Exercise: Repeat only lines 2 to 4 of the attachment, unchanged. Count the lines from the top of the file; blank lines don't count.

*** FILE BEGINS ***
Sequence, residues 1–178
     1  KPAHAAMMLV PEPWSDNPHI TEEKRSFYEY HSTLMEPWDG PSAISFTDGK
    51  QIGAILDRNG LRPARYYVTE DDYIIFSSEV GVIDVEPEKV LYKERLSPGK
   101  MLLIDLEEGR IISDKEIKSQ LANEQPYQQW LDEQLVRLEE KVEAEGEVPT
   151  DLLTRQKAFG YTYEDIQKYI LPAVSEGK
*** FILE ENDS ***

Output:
     1  KPAHAAMMLV PEPWSDNPHI TEEKRSFYEY HSTLMEPWDG PSAISFTDGK
    51  QIGAILDRNG LRPARYYVTE DDYIIFSSEV GVIDVEPEKV LYKERLSPGK
   101  MLLIDLEEGR IISDKEIKSQ LANEQPYQQW LDEQLVRLEE KVEAEGEVPT